I got to go to the state house today!
We didn't stay for the Governor's state of the state address, but I was there for a coalition of libraries meeting, and was kind of just inspired the whole time. I just love being in that beautiful building, and it's dripping with nostalgia, from wandering around the top three floors for two hours my first TeenPact ever, to the prayer walks, to the pro-life and pro-marriage bill hearings, and even memories aside, I just kind of love it there.
When I was sitting in the hall of flags during the meeting, studying the plaque for September 11th and puzzling over the Latin inscription over the flags' case, I just felt quiet confirmation, that at some time or some point I would be working here. I don't really know when or how or what, but I knew I would be there. It was the same feeling I had during the impromptu visit to Washington last spring. This building was for me.
It's a funny thing to look forward to. To tell myself that maybe there's a place for me in politics someday? Who knew. But to make it in politics you need to play the system. Talking briefly with Jake today about working in politics made me start thinking about how fragile this world is. I do my school and keep track of extracurriculars and study for the SAT because I'm playing in the system. And yet, the system could be here one day and gone the next. Do you know what I mean?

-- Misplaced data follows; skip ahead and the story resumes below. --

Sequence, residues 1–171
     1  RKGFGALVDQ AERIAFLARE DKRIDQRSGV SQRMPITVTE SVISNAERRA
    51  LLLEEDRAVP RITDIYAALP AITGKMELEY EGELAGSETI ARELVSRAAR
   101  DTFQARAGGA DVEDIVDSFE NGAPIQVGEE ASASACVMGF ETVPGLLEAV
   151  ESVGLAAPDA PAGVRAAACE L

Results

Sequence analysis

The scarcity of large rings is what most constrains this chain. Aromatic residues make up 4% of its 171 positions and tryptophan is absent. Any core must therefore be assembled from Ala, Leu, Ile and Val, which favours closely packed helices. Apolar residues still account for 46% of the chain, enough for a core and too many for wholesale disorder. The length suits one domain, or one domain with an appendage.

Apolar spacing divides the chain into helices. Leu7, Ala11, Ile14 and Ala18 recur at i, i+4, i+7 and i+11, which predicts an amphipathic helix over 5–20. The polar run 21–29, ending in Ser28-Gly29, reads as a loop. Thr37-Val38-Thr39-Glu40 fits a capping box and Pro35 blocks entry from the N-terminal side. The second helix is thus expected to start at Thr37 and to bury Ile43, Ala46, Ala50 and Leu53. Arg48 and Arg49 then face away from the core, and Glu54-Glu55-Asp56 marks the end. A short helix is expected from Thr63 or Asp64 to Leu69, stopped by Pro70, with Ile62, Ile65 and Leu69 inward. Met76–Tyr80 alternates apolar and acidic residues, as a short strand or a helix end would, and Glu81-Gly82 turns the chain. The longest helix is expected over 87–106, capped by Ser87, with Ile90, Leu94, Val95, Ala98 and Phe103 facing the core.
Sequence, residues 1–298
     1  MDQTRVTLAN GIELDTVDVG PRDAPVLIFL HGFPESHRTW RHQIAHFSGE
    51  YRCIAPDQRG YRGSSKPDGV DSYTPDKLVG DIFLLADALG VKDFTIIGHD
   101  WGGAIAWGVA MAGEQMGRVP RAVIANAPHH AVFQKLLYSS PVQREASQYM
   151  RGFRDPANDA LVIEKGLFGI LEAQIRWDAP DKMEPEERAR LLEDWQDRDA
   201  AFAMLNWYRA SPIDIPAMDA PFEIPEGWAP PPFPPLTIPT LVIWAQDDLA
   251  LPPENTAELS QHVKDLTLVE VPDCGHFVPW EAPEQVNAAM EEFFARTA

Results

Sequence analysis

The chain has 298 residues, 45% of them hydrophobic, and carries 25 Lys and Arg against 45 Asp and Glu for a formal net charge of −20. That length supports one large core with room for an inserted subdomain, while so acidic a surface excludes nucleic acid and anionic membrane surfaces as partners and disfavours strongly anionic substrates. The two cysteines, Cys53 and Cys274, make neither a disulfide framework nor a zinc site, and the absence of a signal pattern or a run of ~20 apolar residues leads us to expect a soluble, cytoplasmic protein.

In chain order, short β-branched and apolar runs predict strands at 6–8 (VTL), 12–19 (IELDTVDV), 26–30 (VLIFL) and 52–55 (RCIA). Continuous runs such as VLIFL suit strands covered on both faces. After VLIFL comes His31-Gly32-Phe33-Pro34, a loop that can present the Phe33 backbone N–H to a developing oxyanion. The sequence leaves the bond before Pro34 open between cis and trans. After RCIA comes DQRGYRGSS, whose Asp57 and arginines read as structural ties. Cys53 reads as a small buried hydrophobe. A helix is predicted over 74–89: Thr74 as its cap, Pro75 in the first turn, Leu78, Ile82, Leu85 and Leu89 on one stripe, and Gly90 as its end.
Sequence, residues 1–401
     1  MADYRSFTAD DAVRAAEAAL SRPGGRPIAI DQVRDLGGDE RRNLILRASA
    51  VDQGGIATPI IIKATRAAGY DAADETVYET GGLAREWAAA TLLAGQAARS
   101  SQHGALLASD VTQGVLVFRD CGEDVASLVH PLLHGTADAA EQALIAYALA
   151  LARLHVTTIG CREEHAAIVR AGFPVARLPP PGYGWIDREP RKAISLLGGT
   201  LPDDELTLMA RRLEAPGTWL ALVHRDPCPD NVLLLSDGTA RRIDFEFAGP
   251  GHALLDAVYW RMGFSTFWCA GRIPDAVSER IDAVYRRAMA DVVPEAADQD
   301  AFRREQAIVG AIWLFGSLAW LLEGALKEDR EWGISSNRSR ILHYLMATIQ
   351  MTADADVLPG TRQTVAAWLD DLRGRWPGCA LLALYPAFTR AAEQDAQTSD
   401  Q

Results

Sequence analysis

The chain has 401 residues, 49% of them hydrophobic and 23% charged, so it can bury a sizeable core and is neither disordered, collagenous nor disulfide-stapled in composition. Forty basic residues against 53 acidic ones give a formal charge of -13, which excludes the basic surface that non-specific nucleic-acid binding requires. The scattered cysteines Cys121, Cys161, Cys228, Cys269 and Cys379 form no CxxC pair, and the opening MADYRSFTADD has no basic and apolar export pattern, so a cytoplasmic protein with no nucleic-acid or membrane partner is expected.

I'm reading the memoirs of a Polish Jew who survived the Holocaust (All But My Life, Gerda Weissmann) and it's a stark theme of the book. One day her life was like mine. The next day she had no hope of a future. I've just begun reading through Lamentations and it's been interesting to contrast it with the events of the Holocaust. It's been even more poignant to compare it to the world I know today. Our world is fragile, and it could change in a flash. Are we prepared for that? Do we constantly acknowledge the fact that all we know could be gone at any time?
I say this because when I think of our government (once again, the ongoing Abraham Lincoln discussion with my mom and Jacob) I can't help but think of how precarious it is. It's been building on itself for so long . . . it's like a Jenga tower. How tall will it get before it's so removed from it's foundation that it topples over? We think it's stable because it's all we've ever known, but one day we'll wake up and things will be completely different. And can I justify a career in politics when I feel so strongly that it's going to burn in my lifetime?
It just confirms for me that careers are overrated. Society may crumble, but the God who rules over history and the people who are stuck in it will always be around. Am I serving them? Am I serving God? Or am I just serving myself? Such is the trap of the career mindset.